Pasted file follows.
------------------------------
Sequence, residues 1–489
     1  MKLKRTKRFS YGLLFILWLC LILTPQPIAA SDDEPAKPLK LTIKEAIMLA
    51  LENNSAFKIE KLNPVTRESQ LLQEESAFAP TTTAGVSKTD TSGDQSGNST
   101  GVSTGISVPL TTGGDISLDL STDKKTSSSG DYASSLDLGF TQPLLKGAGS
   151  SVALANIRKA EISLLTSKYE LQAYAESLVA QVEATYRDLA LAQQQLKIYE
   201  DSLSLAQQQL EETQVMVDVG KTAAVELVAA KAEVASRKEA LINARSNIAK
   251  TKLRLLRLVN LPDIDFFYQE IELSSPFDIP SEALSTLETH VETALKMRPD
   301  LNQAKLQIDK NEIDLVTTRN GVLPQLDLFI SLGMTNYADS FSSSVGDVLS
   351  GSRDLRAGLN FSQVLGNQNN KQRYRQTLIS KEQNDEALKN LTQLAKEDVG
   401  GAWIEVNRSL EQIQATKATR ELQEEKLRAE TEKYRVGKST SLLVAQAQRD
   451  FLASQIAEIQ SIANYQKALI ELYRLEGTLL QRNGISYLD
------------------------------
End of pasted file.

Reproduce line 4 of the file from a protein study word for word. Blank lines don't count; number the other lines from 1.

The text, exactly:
   101  GVSTGISVPL TTGGDISLDL STDKKTSSSG DYASSLDLGF TQPLLKGAGS